I’m an unabashed Bayless disciple since I saw him in Summer League, since I read a pre-draft interview for Dime where he said “I’m a killer.” So I’m thrilled as a guy who follows and pulls for Memphis. It’s just what they needed. A jitterbug combo-guard. Bayless can hit from the arc, can run an offense and create points. He’s got a lot of problems, including inefficiency, but the Grizzlies play inefficiently. That’s who they are. They’re a messy, sloppy, competitive, tough team, and Bayless fits in really well with that model. As long as Nate McMillan doesn’t show up at any point, he should have probably his best years with Memphis, even if he’s always just a bench guy who has a few moments and frustrates in his decision-making. The team employs Tony Allen and he’s one of their best players for God’s sake. Offensive decision-making is not an emphasis.Jazz need to trade millsap or Jefferson (or both). Who would you trade, for whom or what, and when?
I want them to trade Millsap, but that’s just because I want to see sub-superstars in different settings. I feel the same way about Josh Smith and LaMarcus Aldridge. But they need to trade Jefferson. I don’t like Al at center. I want him at power forward with a legit five next to him. Honestly, he’d make for a great pair with Hibbert after David West’s skills erode with time. If I’m the Jazz, I’d do the same thing I’d do if I were several teams:
1. Hire a three-man team of metric-analysts from a diverse set of analytic backgrounds
2. Charge them with working for three months non-stop, working 12-hour days on developing one formula: Which teams have the best probability at this moment of having a top-ten, not top-five, not lottery, but a top-ten pick in the draft that Andrew Wiggins will be available in (if his eligibility is decided by the trade deadline). Then I would trade Jefferson and Hayward and Mo Williams to any of those teams that will listen for those picks. I would sell out everything to set them up to get Wiggins.
In reality, they will likely re-sign Millsap and let Jefferson walk or trade him for a small combination package.
Hey Dr. Matt,
I’m a San Antonio fan here in San Antonio and while I’m absolutely sure that you hate our team categorically from past Tweets (and every other team besides your beloved Lakers [why do you have a Grizzlies logo LOL?]), I presume there are some reasonable conditions under which the Spurs could win the title. So my question is, assuming some sort of apocalypse or Communist takeover is out of the question, what would need to go right for our favorite unselfish, sarcastic, deep twelve to snag sixteen?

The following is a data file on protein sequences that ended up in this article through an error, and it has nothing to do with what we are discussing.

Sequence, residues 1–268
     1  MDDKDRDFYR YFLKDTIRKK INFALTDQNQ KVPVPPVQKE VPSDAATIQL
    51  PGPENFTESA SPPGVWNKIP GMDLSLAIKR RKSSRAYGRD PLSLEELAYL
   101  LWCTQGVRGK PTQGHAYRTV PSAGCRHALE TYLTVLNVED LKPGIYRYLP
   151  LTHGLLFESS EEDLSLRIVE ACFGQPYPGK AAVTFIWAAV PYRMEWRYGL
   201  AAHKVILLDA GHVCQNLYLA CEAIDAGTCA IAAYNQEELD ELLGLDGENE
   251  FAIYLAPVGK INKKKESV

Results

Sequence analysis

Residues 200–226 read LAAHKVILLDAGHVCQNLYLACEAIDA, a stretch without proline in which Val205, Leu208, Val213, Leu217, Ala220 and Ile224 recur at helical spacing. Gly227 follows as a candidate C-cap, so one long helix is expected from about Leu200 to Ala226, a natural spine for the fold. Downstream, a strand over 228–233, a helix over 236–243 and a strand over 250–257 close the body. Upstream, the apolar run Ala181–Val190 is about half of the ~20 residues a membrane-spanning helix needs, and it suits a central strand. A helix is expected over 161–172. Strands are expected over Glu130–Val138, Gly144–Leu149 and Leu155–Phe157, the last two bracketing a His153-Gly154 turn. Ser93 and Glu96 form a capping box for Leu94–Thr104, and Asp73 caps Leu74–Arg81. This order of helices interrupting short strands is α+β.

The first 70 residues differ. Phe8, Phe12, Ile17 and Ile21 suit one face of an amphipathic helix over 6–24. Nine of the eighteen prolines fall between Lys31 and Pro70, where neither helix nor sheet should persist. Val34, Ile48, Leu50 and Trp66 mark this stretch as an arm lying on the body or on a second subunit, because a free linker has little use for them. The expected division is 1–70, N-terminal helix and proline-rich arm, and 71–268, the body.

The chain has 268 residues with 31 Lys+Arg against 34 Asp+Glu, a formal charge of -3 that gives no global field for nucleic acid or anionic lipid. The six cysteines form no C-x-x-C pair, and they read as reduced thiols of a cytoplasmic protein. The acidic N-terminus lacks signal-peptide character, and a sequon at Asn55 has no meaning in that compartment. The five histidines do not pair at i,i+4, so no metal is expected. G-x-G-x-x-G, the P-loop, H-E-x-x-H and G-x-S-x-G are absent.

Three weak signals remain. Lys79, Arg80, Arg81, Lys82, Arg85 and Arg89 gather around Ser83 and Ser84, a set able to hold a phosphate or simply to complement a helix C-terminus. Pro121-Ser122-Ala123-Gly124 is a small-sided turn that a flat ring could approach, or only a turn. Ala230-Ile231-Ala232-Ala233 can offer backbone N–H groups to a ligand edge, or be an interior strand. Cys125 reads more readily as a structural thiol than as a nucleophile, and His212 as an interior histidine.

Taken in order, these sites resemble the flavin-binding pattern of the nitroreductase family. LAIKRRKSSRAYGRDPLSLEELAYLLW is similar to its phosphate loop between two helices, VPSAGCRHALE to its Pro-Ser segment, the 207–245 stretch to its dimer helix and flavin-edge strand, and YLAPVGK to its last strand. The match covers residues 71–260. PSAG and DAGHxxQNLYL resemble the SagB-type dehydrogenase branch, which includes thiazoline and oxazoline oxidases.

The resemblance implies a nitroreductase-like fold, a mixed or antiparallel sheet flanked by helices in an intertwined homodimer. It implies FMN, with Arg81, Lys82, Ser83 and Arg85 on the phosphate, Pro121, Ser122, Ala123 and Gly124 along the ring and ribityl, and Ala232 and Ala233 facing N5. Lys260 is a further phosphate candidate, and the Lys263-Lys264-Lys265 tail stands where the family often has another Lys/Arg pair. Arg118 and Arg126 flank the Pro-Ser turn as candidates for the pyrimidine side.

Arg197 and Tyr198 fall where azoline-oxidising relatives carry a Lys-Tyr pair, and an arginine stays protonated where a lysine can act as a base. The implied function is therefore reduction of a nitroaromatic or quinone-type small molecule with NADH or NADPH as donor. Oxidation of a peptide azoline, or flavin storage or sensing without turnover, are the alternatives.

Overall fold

Alex in Grand Rapids
It’s a shame that I’ve developed this reputation because I constantly write about how much I respect the organization and why other people should. If you told me I could write a book on any team next season, any, I would pick the Spurs in a heartbeat for Duncan plus Pop.
That said, Popovich has openly admitted, said very clearly and very publicly, that this team cannot be the defensive team it once was with the roster it has decided to have. And yet that’s the only way they’re going to win that title. They have to be able to ugly the game up so much that the talent level for teams like Oklahoma City and Los Angeles becomes irrelevant. They were not better than the 2007 Suns, but they messed with the Suns enough (in-between eliciting terrible suspensions off dirty hits) to get the win. That’s how they have to model their team. They’ve become the offensive team that isn’t built for the playoffs in a cruel twist of fate.
How great is Boris Diaw, on a scale of 1-10, 1 being “Amazing” and 10 being “Michael Jordan”?
You again. A -2 is the answer, but everyone really should have been paying more attention to his work in Charlotte early last season. His passing was incredible early on, and a reason I really didn’t think the Cats were that bad for a while. Then they were. On the other hand, a Spurs fan was upset because I wouldn’t admit that Diaw would be the reason the Spurs’ defense got where it needed to. LOL as the kids say.
WHAT DOES PAROXYSM MEAN AND WHY DO YOU LOOK LIKE LOUIS C.K./PAUL GIAMATTI BUT HAVE A BLUE BEAR AS AN AVATAR????????